modulation 2

Gaussian minimum shift keying Gaussian minimum shift keying or GMSK is a kind of continuous phase frequency-shift keying. The baseband modulation is generated by starting with a bitstream 0/1 and a bit-clock giving a timeslice for each bit. This is the type of modulation used in Global System for Mobile Communications (GSM). The baseband signal is generated by first transforming the zero/one encoded bits into -1/+1 encoded bits. This -1/+1 signal is then filtered in such a way that the “boxcar” shaped +1/-1 pulses are transformed into Gaussian-shaped signals. The baseband signal is then modulated using frequency modulation, producing a complete GMSK signal. If the Gaussian shapes do not overlap, then the modulation form is called 1-GMSK. If the slots overlap 50% (½), the modulation is called 2-GMSK, and so on. The more the bits overlap, the more significant intersymbol interference (ISI) from adjacent bits will be, and for 4-GMSK and up, the ISI seen at any particular point in time is stronger than the signal from the bit currently being decoded. By looking at greater parts of the signal using advanced decoder techniques (including Viterbi algorithm decoders), high density codings can be decoded efficiently. Currently the highest density coding being used is 5-GMSK.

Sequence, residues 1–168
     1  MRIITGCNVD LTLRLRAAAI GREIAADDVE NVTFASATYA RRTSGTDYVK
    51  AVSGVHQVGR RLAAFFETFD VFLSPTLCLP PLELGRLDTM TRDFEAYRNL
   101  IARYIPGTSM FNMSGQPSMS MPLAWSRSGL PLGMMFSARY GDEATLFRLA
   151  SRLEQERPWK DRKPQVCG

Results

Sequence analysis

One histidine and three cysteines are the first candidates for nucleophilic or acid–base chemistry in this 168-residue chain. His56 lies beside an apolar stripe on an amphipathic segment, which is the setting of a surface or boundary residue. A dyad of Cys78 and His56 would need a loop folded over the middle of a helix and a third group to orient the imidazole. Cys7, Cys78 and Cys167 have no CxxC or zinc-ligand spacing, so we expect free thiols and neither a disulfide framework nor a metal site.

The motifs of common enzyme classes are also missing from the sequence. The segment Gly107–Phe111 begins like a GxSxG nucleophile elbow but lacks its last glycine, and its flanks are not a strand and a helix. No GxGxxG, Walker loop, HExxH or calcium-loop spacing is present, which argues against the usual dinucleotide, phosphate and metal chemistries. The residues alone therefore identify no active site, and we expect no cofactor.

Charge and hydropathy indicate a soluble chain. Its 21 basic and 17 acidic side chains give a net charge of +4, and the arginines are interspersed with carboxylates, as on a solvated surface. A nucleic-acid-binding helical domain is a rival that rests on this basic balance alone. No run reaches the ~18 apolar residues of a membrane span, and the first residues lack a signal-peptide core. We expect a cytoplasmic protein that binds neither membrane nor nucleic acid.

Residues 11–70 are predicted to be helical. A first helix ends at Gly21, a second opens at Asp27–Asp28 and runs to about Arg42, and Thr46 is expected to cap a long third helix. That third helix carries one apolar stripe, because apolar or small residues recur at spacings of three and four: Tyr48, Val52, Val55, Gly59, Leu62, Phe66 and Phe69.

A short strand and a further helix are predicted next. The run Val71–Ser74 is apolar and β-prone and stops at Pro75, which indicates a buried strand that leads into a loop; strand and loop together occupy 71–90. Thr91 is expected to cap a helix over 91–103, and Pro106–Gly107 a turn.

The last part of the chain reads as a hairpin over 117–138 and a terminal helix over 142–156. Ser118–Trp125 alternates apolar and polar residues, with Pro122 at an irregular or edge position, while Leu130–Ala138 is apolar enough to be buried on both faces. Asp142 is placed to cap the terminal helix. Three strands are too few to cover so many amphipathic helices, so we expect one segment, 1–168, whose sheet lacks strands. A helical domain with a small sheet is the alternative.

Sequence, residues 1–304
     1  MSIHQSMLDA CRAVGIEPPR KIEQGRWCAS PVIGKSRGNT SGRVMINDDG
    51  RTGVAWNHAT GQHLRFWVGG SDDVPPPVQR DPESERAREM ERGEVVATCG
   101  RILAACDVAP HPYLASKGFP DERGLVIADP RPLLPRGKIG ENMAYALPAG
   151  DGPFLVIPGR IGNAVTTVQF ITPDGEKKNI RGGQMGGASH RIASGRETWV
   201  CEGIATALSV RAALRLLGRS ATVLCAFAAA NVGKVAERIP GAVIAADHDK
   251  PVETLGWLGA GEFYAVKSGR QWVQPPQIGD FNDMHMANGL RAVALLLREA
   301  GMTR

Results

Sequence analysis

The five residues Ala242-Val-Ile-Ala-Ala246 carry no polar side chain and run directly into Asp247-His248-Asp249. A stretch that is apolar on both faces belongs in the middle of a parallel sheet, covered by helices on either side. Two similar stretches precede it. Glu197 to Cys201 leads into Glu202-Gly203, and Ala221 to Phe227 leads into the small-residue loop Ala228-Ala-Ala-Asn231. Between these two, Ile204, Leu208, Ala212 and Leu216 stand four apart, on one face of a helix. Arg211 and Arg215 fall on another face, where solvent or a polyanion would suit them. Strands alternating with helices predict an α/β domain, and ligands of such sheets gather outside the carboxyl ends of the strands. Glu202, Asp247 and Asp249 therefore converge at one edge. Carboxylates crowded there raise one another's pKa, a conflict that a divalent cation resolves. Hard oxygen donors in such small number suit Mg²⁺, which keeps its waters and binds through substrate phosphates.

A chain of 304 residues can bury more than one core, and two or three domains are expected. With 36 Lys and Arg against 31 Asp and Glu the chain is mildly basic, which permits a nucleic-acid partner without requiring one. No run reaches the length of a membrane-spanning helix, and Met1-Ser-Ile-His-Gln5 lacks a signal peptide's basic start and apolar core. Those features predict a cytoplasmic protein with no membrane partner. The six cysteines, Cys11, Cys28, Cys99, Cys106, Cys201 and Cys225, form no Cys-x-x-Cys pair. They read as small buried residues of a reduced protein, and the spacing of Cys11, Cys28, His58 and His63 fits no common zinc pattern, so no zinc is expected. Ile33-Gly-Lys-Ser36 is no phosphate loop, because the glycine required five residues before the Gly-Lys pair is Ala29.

Audio frequency-shift keying Audio frequency-shift keying (AFSK) is a modulation technique by which digital data is represented as changes in the frequency (pitch) of an audio tone, yielding an encoded signal suitable for transmission via radio or telephone. Normally, the transmitted audio alternates between two tones: one, the “mark”, represents a binary one; the other, the “space”, represents a binary zero. AFSK differs from regular frequency-shift keying in that the modulation is performed at baseband frequencies. In radio applications, the AFSK-modulated signal is normally used to modulate an RF carrier (using a conventional technique, such as AM FM or ACSSB(R)(LM Mode(R)) for transmission. AFSK is not generally used for high-speed data communications, as it is less efficient than other modulation modes. In addition to its simplicity, however, AFSK has the advantage that encoded signals will pass through AC-coupled links, including most equipment originally designed to carry music or speech. Most early telephone-line modems used audio frequency-shift keying to send and receive data, up to rates of about 300 bits per second. The common Bell 103 modem used this technique, for example. Some early microcomputers used a specific form of AFSK modulation, the Kansas City standard, to store data on audio cassettes. AFSK is still widely used in amateur radio, as it allows data transmission through unmodified voiceband equipment. AFSK is also used in the United States’ Emergency Alert System to transmit warning information. It is used at higher bitrates for Weathercopy used on Weatheradio by NOAA in the U.S., and more extensively by Environment Canada. The CHU shortwave radio station in Ottawa, Canada broadcasts a Exclusive digital time signal encoded using AFSK modulation.